Do low-income college students who receive public benefits stay in school longer and complete their studies faster? A new initiative that will launch next summer at select community colleges will test this notion and work to provide models that other community colleges can implement and sustain.
The three-year $4.84 million initiative, Benefits Access for College Completion (BACC), is led by the Center for Law and Social Policy (CLASP) and the American Association of Community Colleges (AACC) with funding from the Ford Foundation, Kresge Foundation, Lumina Foundation, and the Open Society Foundations. The Annie E. Casey Foundation is also contributing to the initiative.
“We are committed to student completion and appreciate the major investment these foundations are making,” AACC President Walter G. Bumphus said. “Their collaborative vision will help community colleges identify the best ways for students to access the benefits and services they need to finish what they start.”
LaGuardia Community College President Gail Mellow said the initiative is a “huge opportunity” to help “financially troubled students get the benefits they are eligible to receive” and to help “shape the policy environment.”
Of the close to 8 million credit students annually attending community colleges, 46% currently receive some form of financial aid (state, federal, or institutional). The additional benefits the students might access through BACC include a range of federal programs, such as those that provide health insurance, food, and child care. Such support services are especially critical for community college students, many of whom juggle work, studies, and family responsibilities.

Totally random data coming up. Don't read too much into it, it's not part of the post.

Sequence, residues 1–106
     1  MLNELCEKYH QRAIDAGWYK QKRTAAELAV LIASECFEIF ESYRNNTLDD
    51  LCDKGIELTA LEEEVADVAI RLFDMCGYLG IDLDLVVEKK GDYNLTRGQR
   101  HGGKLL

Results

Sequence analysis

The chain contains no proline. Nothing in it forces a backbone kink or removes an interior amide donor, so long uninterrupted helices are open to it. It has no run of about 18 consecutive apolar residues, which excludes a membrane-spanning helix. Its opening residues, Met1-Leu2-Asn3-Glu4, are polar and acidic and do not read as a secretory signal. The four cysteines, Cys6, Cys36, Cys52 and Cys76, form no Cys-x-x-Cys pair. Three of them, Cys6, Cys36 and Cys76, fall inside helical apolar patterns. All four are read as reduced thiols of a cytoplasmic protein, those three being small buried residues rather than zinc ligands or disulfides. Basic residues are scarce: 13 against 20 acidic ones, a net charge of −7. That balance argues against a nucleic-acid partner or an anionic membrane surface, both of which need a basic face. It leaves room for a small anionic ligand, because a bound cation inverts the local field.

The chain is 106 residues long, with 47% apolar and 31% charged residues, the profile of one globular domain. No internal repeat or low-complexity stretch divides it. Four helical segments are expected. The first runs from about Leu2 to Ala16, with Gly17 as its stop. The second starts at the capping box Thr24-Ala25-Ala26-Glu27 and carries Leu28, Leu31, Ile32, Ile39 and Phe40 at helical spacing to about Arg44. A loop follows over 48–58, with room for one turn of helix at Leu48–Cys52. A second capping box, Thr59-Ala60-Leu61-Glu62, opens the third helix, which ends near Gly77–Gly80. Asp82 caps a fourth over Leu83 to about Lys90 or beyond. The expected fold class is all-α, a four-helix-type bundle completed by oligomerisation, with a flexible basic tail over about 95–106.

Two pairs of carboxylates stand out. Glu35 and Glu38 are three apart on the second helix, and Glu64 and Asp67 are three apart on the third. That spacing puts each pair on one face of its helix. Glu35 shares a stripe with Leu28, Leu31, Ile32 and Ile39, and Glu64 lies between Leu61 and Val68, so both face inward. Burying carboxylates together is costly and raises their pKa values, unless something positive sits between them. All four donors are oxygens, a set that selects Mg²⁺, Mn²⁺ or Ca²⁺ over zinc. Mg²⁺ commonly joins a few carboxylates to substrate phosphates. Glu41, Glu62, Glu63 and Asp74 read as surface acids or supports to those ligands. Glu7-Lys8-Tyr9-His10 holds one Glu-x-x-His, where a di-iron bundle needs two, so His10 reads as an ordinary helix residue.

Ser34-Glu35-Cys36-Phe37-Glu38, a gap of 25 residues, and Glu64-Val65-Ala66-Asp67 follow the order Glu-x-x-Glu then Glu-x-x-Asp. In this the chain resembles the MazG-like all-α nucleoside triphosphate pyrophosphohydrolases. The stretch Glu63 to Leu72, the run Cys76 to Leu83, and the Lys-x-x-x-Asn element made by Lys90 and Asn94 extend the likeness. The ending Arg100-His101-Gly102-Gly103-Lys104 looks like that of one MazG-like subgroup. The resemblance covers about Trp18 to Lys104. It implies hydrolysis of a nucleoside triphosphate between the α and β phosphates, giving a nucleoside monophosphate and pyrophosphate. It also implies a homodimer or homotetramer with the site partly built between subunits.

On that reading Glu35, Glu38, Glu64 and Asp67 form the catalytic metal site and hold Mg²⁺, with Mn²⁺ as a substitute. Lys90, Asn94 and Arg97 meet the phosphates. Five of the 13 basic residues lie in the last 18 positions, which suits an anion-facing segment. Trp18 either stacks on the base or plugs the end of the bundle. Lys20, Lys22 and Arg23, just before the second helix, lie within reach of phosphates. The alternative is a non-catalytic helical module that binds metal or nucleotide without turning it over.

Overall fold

Colleges selected for the BACC planning phase are: Cuyahoga Community College (OH), Gateway Community and Technical College and Owensboro Community and Technical College (KY), LaGuardia Community College (NY), Northampton Community College (PA), and Skyline College (CA). Macomb Community College and Lake Michigan Community College also will participate and share perspectives from similar work in Michigan.
During the initiative, participating colleges will become social innovators that integrate access to federal and state supports and other existing public resources into college operations, in some ways redefining the concept of financial aid and student supports. It is the hope that by working directly with local and state benefits administrators to eliminate policy barriers and align services, community colleges will help students finish their programs of study faster and move to economic self-sufficiency.
At the end of the initiative, the BACC team hopes to use lessons learned to expand what works across the nation’s more than 1,200 community colleges.
The Center for Law and Social Policy develops and advocates for policies at the federal, state and local levels that improve the lives of low income people. We focus on policies that strengthen families and create pathways to education and work. Through careful research and analysis and effective advocacy, we develop and promote new ideas, mobilize others, and directly assist governments and advocates to put in place successful strategies that deliver results that matter to people across America.